nwdiver

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I don’t know, it just seems wrong, or poor marketing, or poor design to sell a system that you (here Tesla) knows will under perform. I would say charge a slight premium for the southern US if they need to, but don’t sell systems they know will clip on any significant way.

???? They don't. For the ~5th time it's cost benefit. If $1 invested in more inverter yields fewer additional watt-hours/yr than $1 invested in more panels.... you put the $ in more panels. Numbers. It's not like they're selling 10kW systems on 3.8kW inverters....

Even a system oversized by 50% loses <5% to saturation. I don't think 5% is 'significant'.
 

wwhitney

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Nov 2, 2017
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Berkeley, CA
Clipping = wasting panel capacity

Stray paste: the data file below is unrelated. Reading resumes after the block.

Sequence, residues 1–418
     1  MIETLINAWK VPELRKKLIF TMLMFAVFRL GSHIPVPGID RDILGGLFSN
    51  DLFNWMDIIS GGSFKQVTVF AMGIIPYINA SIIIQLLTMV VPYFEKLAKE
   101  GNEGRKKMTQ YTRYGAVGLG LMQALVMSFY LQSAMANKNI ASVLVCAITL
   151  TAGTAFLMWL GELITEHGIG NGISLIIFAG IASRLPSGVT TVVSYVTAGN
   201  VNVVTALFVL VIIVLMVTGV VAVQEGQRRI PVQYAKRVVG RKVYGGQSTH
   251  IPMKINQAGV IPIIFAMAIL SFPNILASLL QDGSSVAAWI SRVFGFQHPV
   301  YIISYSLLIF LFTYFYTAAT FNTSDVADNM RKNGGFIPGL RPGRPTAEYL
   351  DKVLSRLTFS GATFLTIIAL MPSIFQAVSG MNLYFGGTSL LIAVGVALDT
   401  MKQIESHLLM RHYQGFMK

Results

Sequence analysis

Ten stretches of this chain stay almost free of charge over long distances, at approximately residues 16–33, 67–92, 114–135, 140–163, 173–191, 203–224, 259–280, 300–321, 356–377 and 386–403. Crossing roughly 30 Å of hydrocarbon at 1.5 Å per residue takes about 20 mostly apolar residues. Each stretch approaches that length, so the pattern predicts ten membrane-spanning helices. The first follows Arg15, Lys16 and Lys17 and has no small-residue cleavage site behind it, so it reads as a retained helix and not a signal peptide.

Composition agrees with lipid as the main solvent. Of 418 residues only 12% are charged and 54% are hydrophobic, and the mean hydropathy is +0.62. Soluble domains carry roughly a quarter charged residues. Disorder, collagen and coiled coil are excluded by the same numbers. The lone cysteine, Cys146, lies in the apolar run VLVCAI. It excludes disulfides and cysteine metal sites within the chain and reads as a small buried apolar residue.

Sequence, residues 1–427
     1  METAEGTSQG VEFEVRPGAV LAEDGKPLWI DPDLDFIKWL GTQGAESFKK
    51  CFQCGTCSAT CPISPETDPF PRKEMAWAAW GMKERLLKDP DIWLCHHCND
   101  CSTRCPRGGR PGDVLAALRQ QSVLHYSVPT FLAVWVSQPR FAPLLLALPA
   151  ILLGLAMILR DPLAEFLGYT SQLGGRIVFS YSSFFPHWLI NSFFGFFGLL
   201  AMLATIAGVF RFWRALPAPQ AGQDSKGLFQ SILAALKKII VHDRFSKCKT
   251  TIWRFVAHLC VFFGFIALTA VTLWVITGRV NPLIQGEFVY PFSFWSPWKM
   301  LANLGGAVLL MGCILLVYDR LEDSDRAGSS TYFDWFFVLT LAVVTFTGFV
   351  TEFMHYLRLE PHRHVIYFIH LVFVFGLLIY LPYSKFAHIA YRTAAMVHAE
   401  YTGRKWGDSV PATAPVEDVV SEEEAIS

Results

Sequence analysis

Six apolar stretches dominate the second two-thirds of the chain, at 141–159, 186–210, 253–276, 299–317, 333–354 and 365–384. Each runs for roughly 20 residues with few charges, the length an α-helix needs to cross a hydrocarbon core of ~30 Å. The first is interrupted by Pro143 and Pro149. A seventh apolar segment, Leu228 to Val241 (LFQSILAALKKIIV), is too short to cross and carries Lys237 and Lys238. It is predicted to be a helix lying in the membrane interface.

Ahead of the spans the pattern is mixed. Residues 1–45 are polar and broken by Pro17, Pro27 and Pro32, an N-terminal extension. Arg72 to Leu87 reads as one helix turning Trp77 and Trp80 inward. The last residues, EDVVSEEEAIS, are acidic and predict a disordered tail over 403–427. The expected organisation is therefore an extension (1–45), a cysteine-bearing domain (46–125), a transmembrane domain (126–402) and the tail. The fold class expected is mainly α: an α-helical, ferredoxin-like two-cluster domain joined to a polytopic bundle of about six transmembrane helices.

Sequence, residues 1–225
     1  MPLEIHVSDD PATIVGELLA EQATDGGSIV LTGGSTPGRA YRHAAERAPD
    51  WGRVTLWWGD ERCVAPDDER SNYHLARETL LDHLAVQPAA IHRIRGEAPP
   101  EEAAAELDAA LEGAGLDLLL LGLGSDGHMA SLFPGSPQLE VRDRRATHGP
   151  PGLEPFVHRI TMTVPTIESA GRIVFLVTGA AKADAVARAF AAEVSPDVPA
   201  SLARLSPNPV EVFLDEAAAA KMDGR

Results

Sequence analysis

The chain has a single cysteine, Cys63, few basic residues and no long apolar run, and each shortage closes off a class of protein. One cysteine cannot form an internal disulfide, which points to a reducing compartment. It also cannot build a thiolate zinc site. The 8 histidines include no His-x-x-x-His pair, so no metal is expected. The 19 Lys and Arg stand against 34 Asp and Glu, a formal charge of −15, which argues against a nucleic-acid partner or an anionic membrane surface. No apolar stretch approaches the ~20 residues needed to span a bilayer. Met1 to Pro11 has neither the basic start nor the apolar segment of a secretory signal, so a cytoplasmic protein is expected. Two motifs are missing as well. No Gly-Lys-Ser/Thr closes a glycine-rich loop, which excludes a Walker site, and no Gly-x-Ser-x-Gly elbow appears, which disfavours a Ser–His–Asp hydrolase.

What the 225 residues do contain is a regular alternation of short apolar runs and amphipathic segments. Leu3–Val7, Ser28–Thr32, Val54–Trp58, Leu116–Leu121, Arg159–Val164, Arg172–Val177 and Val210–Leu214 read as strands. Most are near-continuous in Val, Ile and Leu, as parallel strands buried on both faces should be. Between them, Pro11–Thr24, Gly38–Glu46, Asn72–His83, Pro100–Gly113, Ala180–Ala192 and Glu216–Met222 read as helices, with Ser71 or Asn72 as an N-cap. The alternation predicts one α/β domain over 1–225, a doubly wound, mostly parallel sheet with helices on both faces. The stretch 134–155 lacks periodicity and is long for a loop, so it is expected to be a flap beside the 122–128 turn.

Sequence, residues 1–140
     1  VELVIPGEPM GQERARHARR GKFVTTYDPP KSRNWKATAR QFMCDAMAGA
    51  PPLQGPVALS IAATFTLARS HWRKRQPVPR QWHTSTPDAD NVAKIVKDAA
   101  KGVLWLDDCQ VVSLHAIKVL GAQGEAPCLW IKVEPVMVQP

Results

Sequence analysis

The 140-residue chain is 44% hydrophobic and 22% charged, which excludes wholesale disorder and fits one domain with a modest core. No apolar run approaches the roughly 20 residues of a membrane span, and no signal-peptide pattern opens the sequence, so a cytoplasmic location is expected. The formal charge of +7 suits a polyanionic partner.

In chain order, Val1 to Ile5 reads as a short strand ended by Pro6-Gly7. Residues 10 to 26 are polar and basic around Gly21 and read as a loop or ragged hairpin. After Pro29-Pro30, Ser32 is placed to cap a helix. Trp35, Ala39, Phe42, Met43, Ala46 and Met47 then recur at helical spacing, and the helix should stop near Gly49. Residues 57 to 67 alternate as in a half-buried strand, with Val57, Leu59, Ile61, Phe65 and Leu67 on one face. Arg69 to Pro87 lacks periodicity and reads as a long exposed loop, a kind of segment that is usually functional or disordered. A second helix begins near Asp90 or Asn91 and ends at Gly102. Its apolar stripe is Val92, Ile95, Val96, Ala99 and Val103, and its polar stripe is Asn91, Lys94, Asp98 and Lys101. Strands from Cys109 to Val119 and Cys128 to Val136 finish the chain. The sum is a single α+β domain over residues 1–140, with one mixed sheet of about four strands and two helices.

Not clipping = wasting inverter capacity

You want to balance the wastes to be economical.

Another example:

You have a certain base system in mind, and decide you want to spend a little more for a little more energy production. Your base system will have some clipping, and the cost of bumping up the inverter to the next size increment is the same as the cost of adding, say 3 panels. Which is the better choice?

If you've maxed out your inverter as far as DC input capacity, obviously you have to bump up the inverter. Otherwise, the only question is how does the extra energy the 3 more panels will produce during morning/evening (when there's currently no clipping) compare to the extra energy the larger inverter will produce around noon (when there's currently clipping), over the course of the year.